Fatal Plunge from Lake Street Bridge

“EAGERLY SOUGHT TO DIE.

Fatal Plunge of an Unknown Man from Lake Street Bridge.

Lake Street Bridge

Lake Street Bridge

At 10 o’clock this morning a large crowd was collected on the northeast corner of the Lake street bridge, gazing excitedly over the railing at the water beneath the bridge. Many were swarming down the rickety ladder to the dock, where a few men were eagerly tugging at the chains and padlocks of a couple of slimy boats, half filled with water which were fastened to the piles.

A moment before a dark-complexioned man had been seen to leap over the railing which guards the bridge and fall with a splash into the muddy water below. The cry of “man drowning” was raised and everybody rushed to the rescue.

About half-way between the bridge pier and the dock a swarthy face and two hands were for a moment visible above the surface of the opaque fluid. A man with his head thrown a little back was apparently floating.

“Swim!” shouted some one from the bridge. The man seemed to hear the cry, but instead of moving his arms he deliberately opened his mouth, and, turning over, plunged his head under water and sunk.

A moment later his head arose again a few feet nearer the dock. A pole was shoved out to him, but again he turned, and, pushing his face under the water, once more disappeared.

By this time a boat had been unfastened by Bridgeman Paine and had nearly reached the spot where the drowning man had gone down; but a tug came rushing along under the bridge and when the body next appeared it had been carried several feet away. The next attempt was successful and the limp and dripping form was dragged into the boat, but no signs of life remained. The patrol was called and the body taken to the Cook county morgue.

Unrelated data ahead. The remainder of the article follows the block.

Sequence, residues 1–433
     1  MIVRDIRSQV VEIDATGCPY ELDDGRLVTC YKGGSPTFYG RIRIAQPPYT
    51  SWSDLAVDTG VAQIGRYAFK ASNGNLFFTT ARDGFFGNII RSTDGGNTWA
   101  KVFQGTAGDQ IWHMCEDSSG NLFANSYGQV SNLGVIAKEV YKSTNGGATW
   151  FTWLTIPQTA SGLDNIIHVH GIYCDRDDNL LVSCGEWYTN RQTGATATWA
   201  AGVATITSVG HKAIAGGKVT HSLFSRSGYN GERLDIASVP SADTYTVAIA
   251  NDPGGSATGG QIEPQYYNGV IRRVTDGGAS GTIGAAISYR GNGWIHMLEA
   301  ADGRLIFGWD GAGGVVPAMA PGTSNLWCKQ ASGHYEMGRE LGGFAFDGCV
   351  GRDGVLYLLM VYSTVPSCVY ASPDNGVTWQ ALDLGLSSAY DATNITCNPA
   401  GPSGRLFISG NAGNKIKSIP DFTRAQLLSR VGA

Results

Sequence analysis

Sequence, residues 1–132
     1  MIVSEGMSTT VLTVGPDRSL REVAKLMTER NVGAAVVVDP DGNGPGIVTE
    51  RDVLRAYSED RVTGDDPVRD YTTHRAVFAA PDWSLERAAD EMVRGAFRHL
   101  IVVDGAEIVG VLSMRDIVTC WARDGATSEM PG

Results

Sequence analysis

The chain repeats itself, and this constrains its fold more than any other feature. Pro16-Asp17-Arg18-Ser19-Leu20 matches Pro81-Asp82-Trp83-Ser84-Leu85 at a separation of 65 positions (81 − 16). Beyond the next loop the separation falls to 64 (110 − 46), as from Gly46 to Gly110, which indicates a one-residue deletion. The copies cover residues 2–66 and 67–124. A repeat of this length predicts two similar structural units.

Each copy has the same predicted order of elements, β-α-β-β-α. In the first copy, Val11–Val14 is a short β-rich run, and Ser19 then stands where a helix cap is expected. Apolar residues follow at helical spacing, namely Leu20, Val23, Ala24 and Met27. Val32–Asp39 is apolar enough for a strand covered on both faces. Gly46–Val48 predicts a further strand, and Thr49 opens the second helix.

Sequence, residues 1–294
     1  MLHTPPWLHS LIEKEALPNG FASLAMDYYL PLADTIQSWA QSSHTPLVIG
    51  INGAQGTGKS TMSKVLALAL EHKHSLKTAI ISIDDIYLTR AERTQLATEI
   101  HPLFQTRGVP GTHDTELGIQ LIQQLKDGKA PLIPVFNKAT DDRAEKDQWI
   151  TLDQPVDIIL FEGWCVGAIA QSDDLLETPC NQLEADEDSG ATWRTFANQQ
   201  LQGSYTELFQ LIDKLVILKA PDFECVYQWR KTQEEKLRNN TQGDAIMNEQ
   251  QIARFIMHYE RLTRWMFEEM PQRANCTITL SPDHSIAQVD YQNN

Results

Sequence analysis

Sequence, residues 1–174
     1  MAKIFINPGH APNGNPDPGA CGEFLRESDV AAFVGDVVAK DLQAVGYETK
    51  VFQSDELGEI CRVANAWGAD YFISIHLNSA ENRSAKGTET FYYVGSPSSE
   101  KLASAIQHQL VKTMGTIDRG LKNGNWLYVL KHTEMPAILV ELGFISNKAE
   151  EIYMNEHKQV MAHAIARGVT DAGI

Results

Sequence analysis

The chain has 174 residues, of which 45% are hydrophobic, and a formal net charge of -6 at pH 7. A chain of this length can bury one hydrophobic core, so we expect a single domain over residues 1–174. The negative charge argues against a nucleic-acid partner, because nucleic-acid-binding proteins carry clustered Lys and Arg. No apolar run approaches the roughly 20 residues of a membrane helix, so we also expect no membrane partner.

There was nothing found by which the man could be identified, except a peddler’s badge bearing the number 314. He was of dark complexion, apparently an Italian, about 28 years old, and would weigh possibly 130 pounds.

The last license issued under the number 314, as learned at the city clerk’s office, was to Philip Runner, 129 DeKoven street.”

Information about the Lake Street Bridge can be found here: http://chicagoloopbridges.com/bridges12/SB12/LAKE12-1.html This was the source of the photo above. The article above was transcribed from the front page of the June 20, 1894 issue of the Chicago Daily News. My transcription is exactly as it appeared in the Chicago Daily News with the exception of quotation marks at the beginning and end. Abbreviations, capitalizations and references to people, places and things are indicative of the era in which the information was originally published.

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